The Billionaire Bodyguard(3)

By: Sharon Kendrick



While she had been sleeping the snowy landscape had been transformed into one which was now unrecognisable. Night had closed in, and with it the snow. Everything was black and white, like a photographic negative, and it would have been beautiful if it didn’t look so…forbidding. And they were in the middle of it. Of nowhere, as he had said. ‘Why have you stopped?’ she asked.

Why do you think I’ve stopped? ‘Because the fall is heavy here.’

‘Well, how long is it going to take us to get back now?’

Jay shot another glance out, and then looked in the mirror at her beautiful perplexed face. It was clear from her question that she had no idea how bad it was, and he was going to have to break it to her. Gently.

‘If it carries on like this there’s no way we’re going to make it back at all, at least not tonight—we’ll be lucky if we make it as far as the nearest village.’

This was sounding like something out of a bad movie. ‘But I don’t want to go to a village!’ she exclaimed. ‘I want to go to home!’

I want. I want. He supposed a woman like that spent all her time getting exactly what it was she wanted. Well, not tonight. ‘You and me both, sweetheart,’ he said grimly. ‘But I’ll settle for what I can take.’

She let the sweetheart bit go. Now was not the time to get frosty because he was being over-familiar. ‘Can’t you just drive on?’

He pressed cautiously on the accelerator, then eased his foot off. ‘Nope. We’re stuck.’

Keri sat bolt upright. ‘What do you mean?’

What the hell do you think I mean? ‘Like I said, we’re stuck. There are drifts in the road. Snowdrifts. And they’re underpacked with ice. It’s a potentially lethal situation.’

Keri briefly shut her eyes. Please tell me this isn’t happening. She opened them again. ‘Couldn’t you have predicted this might happen and taken a different route?’

He might have let it go, but something in her accusation made his blood simmer. ‘There is no alternative route—not out of that God-forsaken field they chose for the shoot—and, if you recall, I asked you three times to hurry up. I said that I didn’t like the look of the sky. But you were too busy being fawned over by a load of luvvies to pay much attention to what I was saying.’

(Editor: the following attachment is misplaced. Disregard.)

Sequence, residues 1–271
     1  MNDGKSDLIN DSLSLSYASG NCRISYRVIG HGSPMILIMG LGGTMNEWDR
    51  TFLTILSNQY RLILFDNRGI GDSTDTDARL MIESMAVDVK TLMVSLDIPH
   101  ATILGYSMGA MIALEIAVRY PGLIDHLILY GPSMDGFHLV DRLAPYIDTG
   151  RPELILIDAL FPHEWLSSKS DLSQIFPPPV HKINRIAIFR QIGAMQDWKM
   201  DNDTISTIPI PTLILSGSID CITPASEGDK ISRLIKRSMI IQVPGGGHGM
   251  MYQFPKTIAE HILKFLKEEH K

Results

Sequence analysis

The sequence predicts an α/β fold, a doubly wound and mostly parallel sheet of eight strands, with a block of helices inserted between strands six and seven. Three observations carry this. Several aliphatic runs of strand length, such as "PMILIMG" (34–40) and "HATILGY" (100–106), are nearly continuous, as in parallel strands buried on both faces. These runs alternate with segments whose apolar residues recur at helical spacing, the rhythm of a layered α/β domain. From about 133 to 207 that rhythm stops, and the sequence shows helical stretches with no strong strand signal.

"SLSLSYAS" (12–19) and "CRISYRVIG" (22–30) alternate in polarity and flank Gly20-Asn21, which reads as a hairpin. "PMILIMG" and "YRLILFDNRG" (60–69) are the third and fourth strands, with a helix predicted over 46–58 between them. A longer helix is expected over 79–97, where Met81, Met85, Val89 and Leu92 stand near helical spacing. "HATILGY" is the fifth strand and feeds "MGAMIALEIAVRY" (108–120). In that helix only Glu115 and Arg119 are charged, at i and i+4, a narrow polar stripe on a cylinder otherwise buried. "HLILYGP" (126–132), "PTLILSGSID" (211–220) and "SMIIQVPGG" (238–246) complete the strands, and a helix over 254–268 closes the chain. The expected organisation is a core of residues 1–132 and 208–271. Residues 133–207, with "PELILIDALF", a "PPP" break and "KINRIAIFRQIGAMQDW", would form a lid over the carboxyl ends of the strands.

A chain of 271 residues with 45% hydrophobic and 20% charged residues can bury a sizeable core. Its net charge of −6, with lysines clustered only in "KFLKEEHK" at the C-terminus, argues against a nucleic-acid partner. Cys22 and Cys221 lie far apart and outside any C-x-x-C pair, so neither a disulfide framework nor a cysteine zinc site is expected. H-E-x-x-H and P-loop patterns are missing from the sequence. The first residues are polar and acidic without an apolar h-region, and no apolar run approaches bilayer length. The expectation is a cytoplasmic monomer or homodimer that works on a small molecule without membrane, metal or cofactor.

Was he criticising her? ‘I was just doing my job!’

‘And I’m trying to do mine,’ he said darkly. ‘Which is dealing with the situation as it is, not wasting time by casting around for recriminations!’

Keri stared at the back of his dark head, feeling like a tennis-player who had been wrong-footed. And the most annoying thing of all was that he was right. He might have an arrogant, almost insolent way of expressing himself, but she could see his logic. ‘So what do you suggest we do?’ she questioned coolly.

By we he guessed she meant him. ‘I guess we find some shelter.’

‘No.’ Keri shook her head. What did he think—that she was going to book into a hotel for the night? With him? ‘I don’t think you understand—I have to be back in London. Tonight.’ She eyed his muscular frame hopefully. ‘Can’t you dig us out?’

‘With a spare snow-plough?’ Jay smiled. ‘I don’t think you understand, sweetheart—even if I dug us out, it would only be a temporary measure. This road is impassable.’

She felt a momentary flare of panic, until reason reasserted itself. ‘You can’t know that!’

He wasn’t about to start explaining that he had seen snow and ice in pretty much all its guises. The empty bleached horizons of arctic wastes which made this particular snow scene look like a benign Christmas card. Or swimming beneath polar ice-caps and wondering if your blood had frozen solid in your veins, wetsuit or no wetsuit. Men trapped…lost…never to be heard of again.

A hard note entered his voice. ‘Oh, but I can—it’s my job to know.’ He turned off the ignition, and turned round and shrugged. ‘Sorry, but that’s the way it is.’

She opened her mouth to reply, but the words froze on her lips as she met his eyes for the first time—hard, glittering eyes which took her breath away, and it was a long time since a man had done that. It was the first time she had looked at him properly, but then you never really looked at a driver, did you? They were part of the fixtures and fittings, part of the car itself—or at least they were supposed to be. She sucked in a dry gulp of air, confused by the sudden pounding of her heart, as if it was trying to remind her that it still existed. Lord alive, what was a man like this doing driving a car for a living?

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